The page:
Guyton-Klinger Withdrawal Decison Rules

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duffer
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Guyton-Klinger Withdrawal Decison Rules

Post by duffer »

While tinkering with the cFIREsim retirement income calculator, I came across the Guyton-Klinger decision rules for retirement withdrawals. I have gotten several of the original articles and the rules seem quite sensible and useful. The authors provide various backtested results, with various asset allocations and probabilities of failures. A key period they have back tested is a 40 year retirement beginning in 1973, when returns were terrible for a number of years while inflation was very high. Their rules succeeded in that environment. In Monte Carlo simulations, they choose probabilities of > 90% or >95% success.

The advantage of their rules is that they permit a more aggressive rate of initial withdrawals that is also safe because of the way the rules limit vulnerabilities to the damage done by poor investment returns. They permit withdrawals of significantly higher than 4% initially. The rules seem to require multi-asset classes, but nothing even slightly exotic or unusual.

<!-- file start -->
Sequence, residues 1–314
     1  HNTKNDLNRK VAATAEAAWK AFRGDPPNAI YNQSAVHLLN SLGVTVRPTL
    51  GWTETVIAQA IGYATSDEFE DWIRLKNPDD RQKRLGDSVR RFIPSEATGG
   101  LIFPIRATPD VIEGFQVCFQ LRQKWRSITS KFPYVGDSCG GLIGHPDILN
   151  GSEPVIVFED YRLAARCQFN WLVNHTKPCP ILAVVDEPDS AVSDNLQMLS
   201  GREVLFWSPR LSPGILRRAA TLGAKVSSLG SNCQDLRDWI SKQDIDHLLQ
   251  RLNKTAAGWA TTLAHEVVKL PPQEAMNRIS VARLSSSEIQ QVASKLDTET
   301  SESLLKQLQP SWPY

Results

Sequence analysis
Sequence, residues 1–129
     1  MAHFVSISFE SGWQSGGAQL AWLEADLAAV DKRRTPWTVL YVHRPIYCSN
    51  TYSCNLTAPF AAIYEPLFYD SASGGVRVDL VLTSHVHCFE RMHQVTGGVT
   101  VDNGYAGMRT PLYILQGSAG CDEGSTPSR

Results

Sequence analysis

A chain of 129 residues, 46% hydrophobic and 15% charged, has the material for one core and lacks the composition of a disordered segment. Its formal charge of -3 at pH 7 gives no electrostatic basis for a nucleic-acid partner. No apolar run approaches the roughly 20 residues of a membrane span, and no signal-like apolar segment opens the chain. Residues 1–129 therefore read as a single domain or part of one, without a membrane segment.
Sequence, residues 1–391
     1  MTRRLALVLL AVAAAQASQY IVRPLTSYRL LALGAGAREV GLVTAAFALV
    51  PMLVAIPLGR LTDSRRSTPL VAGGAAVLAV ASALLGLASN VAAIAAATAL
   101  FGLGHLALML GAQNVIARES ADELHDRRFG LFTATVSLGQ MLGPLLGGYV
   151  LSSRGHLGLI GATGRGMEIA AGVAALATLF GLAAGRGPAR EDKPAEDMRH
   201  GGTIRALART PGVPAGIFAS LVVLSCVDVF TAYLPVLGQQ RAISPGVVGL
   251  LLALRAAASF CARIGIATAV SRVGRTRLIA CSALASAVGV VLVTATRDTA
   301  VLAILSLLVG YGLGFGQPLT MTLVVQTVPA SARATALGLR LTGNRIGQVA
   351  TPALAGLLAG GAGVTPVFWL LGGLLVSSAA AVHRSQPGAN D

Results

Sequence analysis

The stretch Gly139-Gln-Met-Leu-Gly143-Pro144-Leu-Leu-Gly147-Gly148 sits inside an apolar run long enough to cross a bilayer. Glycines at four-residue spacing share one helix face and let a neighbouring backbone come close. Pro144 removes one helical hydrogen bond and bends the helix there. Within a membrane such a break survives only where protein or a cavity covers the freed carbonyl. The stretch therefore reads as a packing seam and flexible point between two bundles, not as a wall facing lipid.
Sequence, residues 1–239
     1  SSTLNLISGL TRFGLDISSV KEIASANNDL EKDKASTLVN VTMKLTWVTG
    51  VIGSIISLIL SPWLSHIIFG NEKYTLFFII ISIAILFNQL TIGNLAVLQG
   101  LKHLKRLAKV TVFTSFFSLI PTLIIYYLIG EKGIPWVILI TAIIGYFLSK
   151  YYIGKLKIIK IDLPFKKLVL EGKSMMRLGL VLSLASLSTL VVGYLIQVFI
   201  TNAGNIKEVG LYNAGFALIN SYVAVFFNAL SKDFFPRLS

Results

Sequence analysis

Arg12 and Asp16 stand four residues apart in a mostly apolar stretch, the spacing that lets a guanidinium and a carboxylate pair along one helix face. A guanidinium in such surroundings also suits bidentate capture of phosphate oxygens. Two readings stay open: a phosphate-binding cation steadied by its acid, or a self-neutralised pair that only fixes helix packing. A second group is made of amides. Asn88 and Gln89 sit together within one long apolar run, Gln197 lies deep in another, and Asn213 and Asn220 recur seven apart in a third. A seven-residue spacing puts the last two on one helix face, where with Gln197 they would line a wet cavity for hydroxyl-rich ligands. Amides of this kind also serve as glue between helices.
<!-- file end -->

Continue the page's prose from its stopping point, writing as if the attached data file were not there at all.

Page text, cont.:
These rules are a bit more complicated than most, but really no more difficult to implement than most strategies are. I would say the rules are similar to bucket strategies in terms of difficulty of implementation.

Does anyone have any particular knowledge of these rules, an informed critique of them, or an informed endorsement of them?

Thanks for any help you can offer.
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Re: Guyton-Klinger Withdrawal Decison Rules

Post by Leeraar »

You might ask this question in one of the threads on VPW, Variable Percentage Withdrawal. There is also a Wiki entry on VPW.

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Re: Guyton-Klinger Withdrawal Decison Rules

Post by kolea »

Their scheme is basically a constant percentage with a floor and ceiling based on the initial withdrawal and whether the returns for the year were positive. They back tested it with a Monte Carlo simulation which used historical returns. I think the latter is a point of concern since bonds and dividends aren't what they used to be. But I like the model - I use a fixed percentage with floor and ceiling also, but I calculate those differently than this study does.